Off we go, swinging over bogs and lakes, forests and roads. The sun is shining, and we see the shadow of the little white basket we're travelling in gliding across the land. So here we are, in what was commissioned in 1943 as the longest cableway in the world. In those days, ore was transported between the mine in Kristineberg and the smeltery. But these days, we're on a pleasure trip between Örträsk and Mensträsk, or back the other way.
The lack of charcoal in central Sweden forced Irish business partners Robert Finley and John Jennings to head north along the coast on a buying tour quite unlike any other in Sweden history. The last thing they bought was Olofsfors at the River Leda. This was the cheap transportation by sea which made it possible for companies to set up in northern Sweden. Shipping iron ore from Roslagen and taking bar iron in return really paid off.
Fatmomakke is on the road between the summer and winter pastures. Since time immemorial, this has been a gathering place for Lapps and settlers, priests, parish constables, mourners, celebrators, tradesmen and their customers, couples in love... Relics from the Stone Age can be found along Kultsjön Lake, places where people lived who survived on hunting and fishing. The church is the modern meeting place: in the 18th century, it was just a few cots, then a simple barn made of unplaned logs with a little clock tower to one side. But since 1884, there's been the church which now stands whitely above the churchyard, on a slope at Ransaren.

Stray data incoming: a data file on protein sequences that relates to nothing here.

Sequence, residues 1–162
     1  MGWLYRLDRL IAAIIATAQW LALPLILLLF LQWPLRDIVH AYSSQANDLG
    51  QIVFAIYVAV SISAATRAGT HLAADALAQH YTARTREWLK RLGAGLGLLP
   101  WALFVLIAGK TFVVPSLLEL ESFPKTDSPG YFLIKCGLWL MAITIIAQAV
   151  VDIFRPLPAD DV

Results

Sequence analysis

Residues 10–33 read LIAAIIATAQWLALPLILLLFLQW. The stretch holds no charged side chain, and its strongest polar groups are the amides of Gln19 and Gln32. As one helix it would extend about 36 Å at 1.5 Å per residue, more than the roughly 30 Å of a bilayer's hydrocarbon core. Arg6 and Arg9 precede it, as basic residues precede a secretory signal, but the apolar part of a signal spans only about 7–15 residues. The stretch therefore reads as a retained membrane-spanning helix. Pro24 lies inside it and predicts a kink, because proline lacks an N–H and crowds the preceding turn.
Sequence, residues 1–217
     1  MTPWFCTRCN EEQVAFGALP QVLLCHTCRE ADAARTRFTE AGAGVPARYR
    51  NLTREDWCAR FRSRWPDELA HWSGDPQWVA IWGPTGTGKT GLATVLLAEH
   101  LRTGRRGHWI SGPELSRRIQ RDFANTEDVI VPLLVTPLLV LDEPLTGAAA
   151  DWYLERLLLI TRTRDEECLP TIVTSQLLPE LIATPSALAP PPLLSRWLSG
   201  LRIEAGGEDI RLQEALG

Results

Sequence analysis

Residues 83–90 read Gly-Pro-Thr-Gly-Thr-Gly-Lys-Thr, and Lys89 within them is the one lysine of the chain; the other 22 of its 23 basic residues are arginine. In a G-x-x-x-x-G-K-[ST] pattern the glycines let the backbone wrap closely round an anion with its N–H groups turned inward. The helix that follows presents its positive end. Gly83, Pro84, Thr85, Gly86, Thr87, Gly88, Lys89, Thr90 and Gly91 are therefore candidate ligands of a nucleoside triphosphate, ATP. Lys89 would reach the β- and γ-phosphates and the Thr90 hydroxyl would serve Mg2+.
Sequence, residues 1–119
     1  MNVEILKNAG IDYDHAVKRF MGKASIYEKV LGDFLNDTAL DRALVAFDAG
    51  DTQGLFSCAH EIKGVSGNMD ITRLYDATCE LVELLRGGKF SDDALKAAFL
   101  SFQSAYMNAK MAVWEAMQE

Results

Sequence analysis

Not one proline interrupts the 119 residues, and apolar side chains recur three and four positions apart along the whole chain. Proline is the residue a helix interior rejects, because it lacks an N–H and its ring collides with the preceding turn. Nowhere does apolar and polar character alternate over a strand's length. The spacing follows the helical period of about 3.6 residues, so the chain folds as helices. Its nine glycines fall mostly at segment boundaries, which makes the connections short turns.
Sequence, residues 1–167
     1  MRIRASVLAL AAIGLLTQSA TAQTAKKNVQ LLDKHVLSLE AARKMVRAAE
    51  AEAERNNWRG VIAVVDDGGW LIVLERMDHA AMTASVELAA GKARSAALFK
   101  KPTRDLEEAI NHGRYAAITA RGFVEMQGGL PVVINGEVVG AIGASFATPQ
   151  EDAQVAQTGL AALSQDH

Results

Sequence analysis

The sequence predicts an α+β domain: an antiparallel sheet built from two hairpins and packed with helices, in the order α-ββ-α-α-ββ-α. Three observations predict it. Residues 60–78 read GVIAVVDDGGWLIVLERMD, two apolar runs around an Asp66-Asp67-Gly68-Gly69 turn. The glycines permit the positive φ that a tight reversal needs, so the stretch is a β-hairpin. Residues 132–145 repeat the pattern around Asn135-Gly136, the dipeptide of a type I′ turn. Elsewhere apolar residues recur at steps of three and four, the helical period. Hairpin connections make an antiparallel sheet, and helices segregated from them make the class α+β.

Rismyrliden. Just taste that name. It tells you something about the location and the surrounding area. The State encouraged farmers to cultivate inland areas by giving settlers 49 years' freedom from taxes. Rismyrliden was marked out in 1825, but it wasn't until 1832 that spade first made contact with soil and the hard work on clearing and cultivating the land began.
"It's red, just like the sun when it shines through a bottle of a decent Bordeaux." Botanist Olle Rune describes with enthusiasm what a Gymnadenia runei looks like. Botanists come from far and wide to the Fjällbotaniska trädgården (Mountain Botanical Gardens) in Hemavan to see this orchid, which is related to the Nigritella nigra, the flower of Jämtland.